Common Startup Timing Mistakes and How to Avoid Them

“The right thing at the wrong time is the wrong thing.”

- Josh Harris

Unless an early stage startup is profitable, it’s constantly working against the clock. A typical seed round provides 1-2 years of runway, and that runway is always shrinking. There’s a lot of advice on the web about what to do once you’ve raised money, but not when to do it. This is unfortunate, because poor timing can kill a company.

Some timing mistakes are obvious in retrospect, like planning 18 months of work for a 15-month runway, or doing things serially when they could be parallelized. Other mistakes are more subtle, like misaligning seasonal demand with a fundraising cycle (e.g. raising 2-3 months after a peak season is tough because most of your key metrics are dropping just as you’re starting to approach investors).

This post will describe some common timing issues, as well as a framework for avoiding them.

Key questions

When making key decisions, founders should keep three questions in mind:

  1. How does this decision affect the magnitude of my costs and revenues?
  2. How does this decision affect the timing of my costs and revenues?
  3. How does this decision’s effect on costs and revenues interact with my fundraising timeline?

#1 gets a lot of attention but #2 and #3 don’t get enough.

In the perfect world, your costs are low and far in the future while your revenues are high and collected today. In the worst case, your revenues are collected over many years while your costs are high and upfront.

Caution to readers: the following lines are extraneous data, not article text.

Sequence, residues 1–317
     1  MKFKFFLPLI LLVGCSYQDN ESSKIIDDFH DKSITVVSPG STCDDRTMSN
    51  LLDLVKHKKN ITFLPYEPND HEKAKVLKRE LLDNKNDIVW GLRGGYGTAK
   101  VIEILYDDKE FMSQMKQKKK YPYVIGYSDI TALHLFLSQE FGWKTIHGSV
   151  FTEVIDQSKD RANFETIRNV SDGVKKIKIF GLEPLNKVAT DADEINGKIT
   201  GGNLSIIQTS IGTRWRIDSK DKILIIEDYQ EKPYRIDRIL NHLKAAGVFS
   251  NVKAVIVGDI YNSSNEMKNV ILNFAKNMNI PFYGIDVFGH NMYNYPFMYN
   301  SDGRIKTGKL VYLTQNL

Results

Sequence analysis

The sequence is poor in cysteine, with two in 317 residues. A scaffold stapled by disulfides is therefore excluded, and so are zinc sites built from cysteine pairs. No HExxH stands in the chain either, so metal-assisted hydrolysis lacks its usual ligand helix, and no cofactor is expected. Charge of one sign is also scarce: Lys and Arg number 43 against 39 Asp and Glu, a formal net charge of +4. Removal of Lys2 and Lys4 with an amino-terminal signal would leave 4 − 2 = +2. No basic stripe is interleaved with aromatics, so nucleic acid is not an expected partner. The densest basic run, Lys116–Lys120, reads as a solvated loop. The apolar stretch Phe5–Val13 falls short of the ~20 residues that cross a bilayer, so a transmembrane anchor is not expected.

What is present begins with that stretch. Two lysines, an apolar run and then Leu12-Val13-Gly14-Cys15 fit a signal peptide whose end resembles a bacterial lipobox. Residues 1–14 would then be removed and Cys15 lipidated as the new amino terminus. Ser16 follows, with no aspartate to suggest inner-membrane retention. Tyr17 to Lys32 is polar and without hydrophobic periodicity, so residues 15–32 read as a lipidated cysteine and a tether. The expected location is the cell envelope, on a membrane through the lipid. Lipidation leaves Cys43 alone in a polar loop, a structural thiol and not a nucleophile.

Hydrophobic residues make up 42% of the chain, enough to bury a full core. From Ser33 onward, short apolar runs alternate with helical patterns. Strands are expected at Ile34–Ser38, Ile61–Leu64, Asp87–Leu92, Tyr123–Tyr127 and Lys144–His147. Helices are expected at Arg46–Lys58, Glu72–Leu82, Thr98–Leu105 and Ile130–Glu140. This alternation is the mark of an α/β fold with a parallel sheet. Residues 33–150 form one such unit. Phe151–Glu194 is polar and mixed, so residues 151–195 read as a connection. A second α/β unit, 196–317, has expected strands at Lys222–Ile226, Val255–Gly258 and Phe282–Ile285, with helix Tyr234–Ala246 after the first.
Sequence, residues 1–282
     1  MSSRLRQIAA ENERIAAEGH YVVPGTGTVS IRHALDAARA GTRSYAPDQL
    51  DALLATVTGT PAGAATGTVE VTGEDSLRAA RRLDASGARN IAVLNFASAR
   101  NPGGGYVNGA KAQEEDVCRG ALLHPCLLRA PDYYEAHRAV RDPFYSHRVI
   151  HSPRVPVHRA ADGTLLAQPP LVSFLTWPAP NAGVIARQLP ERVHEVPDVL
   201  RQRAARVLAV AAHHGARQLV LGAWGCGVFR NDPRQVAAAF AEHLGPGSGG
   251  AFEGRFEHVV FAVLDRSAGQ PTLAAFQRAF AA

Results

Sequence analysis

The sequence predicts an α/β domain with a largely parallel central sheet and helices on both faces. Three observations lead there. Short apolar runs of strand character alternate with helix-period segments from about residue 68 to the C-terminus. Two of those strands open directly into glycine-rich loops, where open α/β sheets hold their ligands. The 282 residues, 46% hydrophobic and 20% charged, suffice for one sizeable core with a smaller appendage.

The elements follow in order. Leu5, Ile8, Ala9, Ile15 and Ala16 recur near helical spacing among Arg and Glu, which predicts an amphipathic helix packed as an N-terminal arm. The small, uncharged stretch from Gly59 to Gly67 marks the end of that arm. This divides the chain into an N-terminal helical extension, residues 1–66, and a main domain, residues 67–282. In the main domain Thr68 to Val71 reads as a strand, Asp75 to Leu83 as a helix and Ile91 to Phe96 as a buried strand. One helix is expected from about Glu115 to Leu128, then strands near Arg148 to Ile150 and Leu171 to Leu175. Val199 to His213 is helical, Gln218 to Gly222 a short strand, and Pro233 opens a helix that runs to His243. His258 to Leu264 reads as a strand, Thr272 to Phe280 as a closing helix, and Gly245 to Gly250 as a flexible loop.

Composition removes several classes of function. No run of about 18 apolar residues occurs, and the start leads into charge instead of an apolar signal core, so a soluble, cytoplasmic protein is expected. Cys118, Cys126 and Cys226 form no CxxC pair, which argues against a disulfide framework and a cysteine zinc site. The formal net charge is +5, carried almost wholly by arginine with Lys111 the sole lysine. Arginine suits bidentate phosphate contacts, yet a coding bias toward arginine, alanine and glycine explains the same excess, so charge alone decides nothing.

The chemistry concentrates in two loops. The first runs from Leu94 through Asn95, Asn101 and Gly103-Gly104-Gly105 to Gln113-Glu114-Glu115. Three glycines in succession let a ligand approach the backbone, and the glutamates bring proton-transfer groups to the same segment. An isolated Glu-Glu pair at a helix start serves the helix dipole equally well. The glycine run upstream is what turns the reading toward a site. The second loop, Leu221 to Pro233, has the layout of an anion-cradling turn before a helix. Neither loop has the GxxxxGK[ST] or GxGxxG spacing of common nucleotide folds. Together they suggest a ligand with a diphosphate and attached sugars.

In the perfect world, your revenues go up before your fundraise and your costs are deferred or paid gradually. In the worst case, your costs go up before your fundraise and your revenues are deferred or collected gradually.

Common timing issues

Hiring and firing

Budgeting enough time

Timing costs and revenues

Planning Framework

Avoiding most of the timing mistakes above is surprisingly straightforward. Once you’ve designed a roadmap that includes key events and milestones, perform the following exercise:

  1. For each item on the roadmap, like a new engineering hire or a major marketing initiative, estimate how much implementation time the item will require, when the item will start contributing to costs, and when the item will start contributing to revenues.
  2. When possible, advance items that increase your revenue and postpone items that increase your costs.
  3. For items closer to the end of your runway, explicitly think about how associated costs and revenues might impact your fundraising plans.
  4. Sanity check your timeline against external factors: customer sales cycles, sector seasonality, regulatory requirements, etc.
  5. If you realize you don’t have enough funding to get to the goals you want to reach, your options are to a) raise more money, b) change your goals, or c) change your tactics. If you can’t make the timing work out, the risk of failure shoots up dramatically.

If you have timing mistakes or tips that you’d like to share, please let me know on Twitter and I will update this post accordingly.


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